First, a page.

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Bonkers Blog April 2013

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30 April - Bexley council, bluffing again

Unapproved signsBexley council suffered another embarrassing defeat at the hands of the Parking Adjudicator last week. You may recall that both the Evening Standard and the BBC reported last February that Bexley was one of several London councils using unapproved temporary parking bay suspension signs.

At the Public Realm meeting a week or so later, cabinet member Gareth Bacon assured everyone that that report was of no consequence because a court had ruled in councils’ favour.

John Watson of the Bexley Council Monitoring Group was particularly interested because he had received a Penalty Charge Notice in August 2012 because, he said, a temporary sign had been taped to a pole next to his car after he parked it.

Not having taken a photograph of the unadorned pole that was a difficult point to prove, on the other hand it wasn’t difficult to get confirmation from the Department of Transport that Bexley had no dispensation to use their own sign. John‘s case went to the Adjudicator and Bexley was asked to supply their Dept. of Transport certification. The resumed hearing took place last week and Bexley provided a certificate. The only problem was, they tried to cheat; they had hastily applied for retrospective certification and hoped the Adjudicator wouldn’t notice. It didn’t cover the date of John Watson’s PCN.

Frizoni's pay
The case highlights a couple of things. Deputy Director of Public Realm, Mike Frizoni is not worth his salary, let alone his 10% bonus. Clearly the department he runs is incompetent and breaks the law without a thought. Just like the council leader.

Cabinet member Gareth Bacon was not in possession of the full facts when he advised the Public Realm meeting while under the inadequate scrutiny of his wife Cheryl.

And finally anyone who was fined for alleged offences against temporary signage before 17th December 2012 should ask for their money back.

For convenience the Adjudicator’s report is appended below. It would appear that not only was the signage illegal, the PCN itself was defective. All in return for paying the highest salaries in the country to get the best brains. Today’s Sun reports that Will Tuckley is on £254,000 a year. Bexley threw out Elwyn Bryant’s petition for claiming a £209,000 total salary package. The liars said he exaggerated the figure.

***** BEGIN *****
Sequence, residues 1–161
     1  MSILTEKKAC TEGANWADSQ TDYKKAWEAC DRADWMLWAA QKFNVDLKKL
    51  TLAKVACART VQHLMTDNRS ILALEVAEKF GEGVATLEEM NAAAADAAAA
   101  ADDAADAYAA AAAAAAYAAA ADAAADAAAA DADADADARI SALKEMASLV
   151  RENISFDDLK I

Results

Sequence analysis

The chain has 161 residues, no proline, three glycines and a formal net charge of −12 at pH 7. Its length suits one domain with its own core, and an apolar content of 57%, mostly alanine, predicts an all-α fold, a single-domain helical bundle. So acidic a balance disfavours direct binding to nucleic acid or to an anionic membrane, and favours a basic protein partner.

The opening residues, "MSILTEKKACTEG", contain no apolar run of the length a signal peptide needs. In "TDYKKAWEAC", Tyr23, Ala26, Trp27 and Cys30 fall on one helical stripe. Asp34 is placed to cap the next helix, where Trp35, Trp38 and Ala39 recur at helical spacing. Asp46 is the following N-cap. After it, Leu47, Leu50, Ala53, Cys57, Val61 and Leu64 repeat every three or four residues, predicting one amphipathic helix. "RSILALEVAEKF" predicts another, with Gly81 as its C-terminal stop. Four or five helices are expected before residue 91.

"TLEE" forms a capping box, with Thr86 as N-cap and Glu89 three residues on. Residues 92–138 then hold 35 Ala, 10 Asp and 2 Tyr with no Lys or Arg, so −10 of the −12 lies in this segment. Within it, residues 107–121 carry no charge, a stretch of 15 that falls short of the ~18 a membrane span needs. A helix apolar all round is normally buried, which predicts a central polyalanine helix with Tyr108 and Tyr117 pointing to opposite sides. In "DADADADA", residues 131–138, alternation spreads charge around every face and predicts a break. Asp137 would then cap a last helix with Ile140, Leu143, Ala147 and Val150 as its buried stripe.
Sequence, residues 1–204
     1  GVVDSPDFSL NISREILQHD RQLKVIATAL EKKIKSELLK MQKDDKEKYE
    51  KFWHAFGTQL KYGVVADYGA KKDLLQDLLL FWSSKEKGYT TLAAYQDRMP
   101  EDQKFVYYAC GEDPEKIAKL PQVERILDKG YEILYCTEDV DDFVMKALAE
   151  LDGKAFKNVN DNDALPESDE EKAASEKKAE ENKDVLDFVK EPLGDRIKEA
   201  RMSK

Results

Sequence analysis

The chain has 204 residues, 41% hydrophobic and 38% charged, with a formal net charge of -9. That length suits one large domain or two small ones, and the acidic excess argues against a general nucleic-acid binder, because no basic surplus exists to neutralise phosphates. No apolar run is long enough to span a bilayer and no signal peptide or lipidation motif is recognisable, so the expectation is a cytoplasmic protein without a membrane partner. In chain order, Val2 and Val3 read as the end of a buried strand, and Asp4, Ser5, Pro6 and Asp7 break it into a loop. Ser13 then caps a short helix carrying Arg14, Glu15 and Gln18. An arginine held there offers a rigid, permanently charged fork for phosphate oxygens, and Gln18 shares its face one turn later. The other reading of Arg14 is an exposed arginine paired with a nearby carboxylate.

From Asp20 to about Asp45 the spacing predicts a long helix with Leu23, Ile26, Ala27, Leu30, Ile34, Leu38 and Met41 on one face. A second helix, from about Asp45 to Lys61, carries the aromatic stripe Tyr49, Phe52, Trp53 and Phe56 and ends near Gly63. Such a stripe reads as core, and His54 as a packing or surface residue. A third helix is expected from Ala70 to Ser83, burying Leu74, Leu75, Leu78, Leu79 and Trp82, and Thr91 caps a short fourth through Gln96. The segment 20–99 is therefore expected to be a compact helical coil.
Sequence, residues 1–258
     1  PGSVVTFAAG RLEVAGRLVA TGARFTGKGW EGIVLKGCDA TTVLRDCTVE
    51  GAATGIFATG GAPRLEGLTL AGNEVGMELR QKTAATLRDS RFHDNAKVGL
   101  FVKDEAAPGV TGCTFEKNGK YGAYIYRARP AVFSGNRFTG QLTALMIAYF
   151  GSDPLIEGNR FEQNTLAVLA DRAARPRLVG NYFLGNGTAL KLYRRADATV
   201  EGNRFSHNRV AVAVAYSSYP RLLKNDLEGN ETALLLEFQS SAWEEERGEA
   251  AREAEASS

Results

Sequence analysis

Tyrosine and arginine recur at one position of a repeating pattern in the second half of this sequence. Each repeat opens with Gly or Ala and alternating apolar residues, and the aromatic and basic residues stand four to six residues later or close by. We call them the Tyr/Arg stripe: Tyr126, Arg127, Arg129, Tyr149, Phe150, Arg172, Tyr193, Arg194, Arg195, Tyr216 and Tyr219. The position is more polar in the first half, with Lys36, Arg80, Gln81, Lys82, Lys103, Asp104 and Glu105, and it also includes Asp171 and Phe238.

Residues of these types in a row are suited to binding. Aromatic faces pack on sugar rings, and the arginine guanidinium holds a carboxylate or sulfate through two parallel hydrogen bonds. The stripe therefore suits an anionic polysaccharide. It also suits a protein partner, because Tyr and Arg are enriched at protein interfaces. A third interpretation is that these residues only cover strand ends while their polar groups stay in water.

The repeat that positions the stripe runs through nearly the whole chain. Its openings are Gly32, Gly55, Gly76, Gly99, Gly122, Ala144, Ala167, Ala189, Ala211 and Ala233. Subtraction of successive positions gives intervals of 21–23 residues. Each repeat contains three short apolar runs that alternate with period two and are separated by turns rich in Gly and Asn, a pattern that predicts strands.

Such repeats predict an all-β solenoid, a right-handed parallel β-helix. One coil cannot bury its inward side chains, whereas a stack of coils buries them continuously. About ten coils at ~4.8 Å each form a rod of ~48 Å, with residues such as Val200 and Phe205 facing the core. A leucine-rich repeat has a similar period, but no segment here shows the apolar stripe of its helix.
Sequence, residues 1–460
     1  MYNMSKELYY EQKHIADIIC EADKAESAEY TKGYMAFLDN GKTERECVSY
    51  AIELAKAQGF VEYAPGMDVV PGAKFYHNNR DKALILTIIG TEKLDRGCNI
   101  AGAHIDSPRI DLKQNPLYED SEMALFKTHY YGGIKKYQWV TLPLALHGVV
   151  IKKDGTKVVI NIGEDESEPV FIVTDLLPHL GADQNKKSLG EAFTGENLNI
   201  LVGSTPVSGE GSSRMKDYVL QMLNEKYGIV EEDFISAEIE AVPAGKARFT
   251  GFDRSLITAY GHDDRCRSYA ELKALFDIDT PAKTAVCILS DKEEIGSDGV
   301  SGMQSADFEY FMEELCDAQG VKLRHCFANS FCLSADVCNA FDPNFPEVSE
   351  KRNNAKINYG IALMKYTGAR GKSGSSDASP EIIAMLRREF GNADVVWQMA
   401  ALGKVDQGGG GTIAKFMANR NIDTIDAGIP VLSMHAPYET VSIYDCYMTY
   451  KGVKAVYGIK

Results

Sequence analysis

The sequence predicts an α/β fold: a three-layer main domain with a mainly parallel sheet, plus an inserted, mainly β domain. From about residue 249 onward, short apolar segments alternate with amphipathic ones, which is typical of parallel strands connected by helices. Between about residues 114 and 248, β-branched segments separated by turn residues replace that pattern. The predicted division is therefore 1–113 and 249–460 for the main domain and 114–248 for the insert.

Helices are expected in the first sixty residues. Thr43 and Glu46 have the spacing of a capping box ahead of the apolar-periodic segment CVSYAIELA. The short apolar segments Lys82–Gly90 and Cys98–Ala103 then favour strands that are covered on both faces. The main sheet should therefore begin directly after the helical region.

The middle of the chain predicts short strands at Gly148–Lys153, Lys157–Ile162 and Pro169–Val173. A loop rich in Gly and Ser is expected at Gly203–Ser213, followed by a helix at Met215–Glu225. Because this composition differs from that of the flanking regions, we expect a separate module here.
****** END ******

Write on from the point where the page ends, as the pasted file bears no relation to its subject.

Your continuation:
Case No. 2120644178
Appellant: Mr. John James Watson
Authority: Bexley
VRM: D1G4568
PCN: XL0980120A
Contravention Date: 29 Aug 2012
Contravention Time: 18:05
Contravention Location: Hadlow Road, Sidcup
Penalty Amount: £110.00
Contravention: Parked in a suspended bay/part of bay
Decision Date: 25 Apr 2013
Adjudicator: Mamta Parekh
Appeal Decision: Allowed
Direction: Cancel the Penalty Charge Notice and the Notice to Owner.

Reasons: Mr. Watson attended the personal hearing listed for today. This case was previously adjourned to the local authority as follows:-

"Please confirm if you have obtained authorisation from the Secretary of State for your suspension signs, and if not, on what basis you say these should be considered as being validly authorised. If no response is received by the adjournment date the appeal will be allowed."

The local authority have responded referring to a Statement they have received from London Councils in rebuttal of the BBC Inside Out London report which has given a rise to a number of claims that suspension signs are not valid and which was also referred to by Mr. Watson at the last hearing.

This statement points out that the case referred to in the documentary has been superseded by the subsequent Court of Appeal Case of Herron v The Parking Adjudicator [2011] EWHCA Civ 905.

In that case The Court concluded that substantial compliance with the statutory specifications in the TSRGD suffices, so long as the signage adequately informs motorists of the restriction, and does not mislead. The basis for this conclusion was that the authority for the placement of signs derives from the local authority's Traffic Management Order (TMO).

The TMO submitted by the local authority in this case is dated as coming into operation on 17th December 2012. However as Mr. Watson correctly points out the date of issue of the penalty charge notice was 29th August 2012 and the local authority have failed to submit the TMO which was in force at the time of the contravention.

I therefore cannot be satisfied that the contravention did occur.

In addition I note that this penalty charge notice is defective following my decision in PATAS Case 2120504543.


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